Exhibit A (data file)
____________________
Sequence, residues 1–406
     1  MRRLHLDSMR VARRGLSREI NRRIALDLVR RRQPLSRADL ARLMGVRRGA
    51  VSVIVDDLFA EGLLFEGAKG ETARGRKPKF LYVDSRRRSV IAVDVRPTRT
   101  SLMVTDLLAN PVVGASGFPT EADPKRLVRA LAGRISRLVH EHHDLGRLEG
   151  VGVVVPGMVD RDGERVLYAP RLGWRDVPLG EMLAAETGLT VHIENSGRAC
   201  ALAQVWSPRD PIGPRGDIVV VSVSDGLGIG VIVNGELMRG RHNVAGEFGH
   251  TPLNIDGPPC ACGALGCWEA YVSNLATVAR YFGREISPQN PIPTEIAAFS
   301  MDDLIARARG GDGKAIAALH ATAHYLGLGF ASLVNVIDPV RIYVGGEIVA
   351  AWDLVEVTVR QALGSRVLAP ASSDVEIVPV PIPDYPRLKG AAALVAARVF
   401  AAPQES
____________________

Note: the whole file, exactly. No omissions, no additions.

Sequence, residues 1–406
     1  MRRLHLDSMR VARRGLSREI NRRIALDLVR RRQPLSRADL ARLMGVRRGA
    51  VSVIVDDLFA EGLLFEGAKG ETARGRKPKF LYVDSRRRSV IAVDVRPTRT
   101  SLMVTDLLAN PVVGASGFPT EADPKRLVRA LAGRISRLVH EHHDLGRLEG
   151  VGVVVPGMVD RDGERVLYAP RLGWRDVPLG EMLAAETGLT VHIENSGRAC
   201  ALAQVWSPRD PIGPRGDIVV VSVSDGLGIG VIVNGELMRG RHNVAGEFGH
   251  TPLNIDGPPC ACGALGCWEA YVSNLATVAR YFGREISPQN PIPTEIAAFS
   301  MDDLIARARG GDGKAIAALH ATAHYLGLGF ASLVNVIDPV RIYVGGEIVA
   351  AWDLVEVTVR QALGSRVLAP ASSDVEIVPV PIPDYPRLKG AAALVAARVF
   401  AAPQES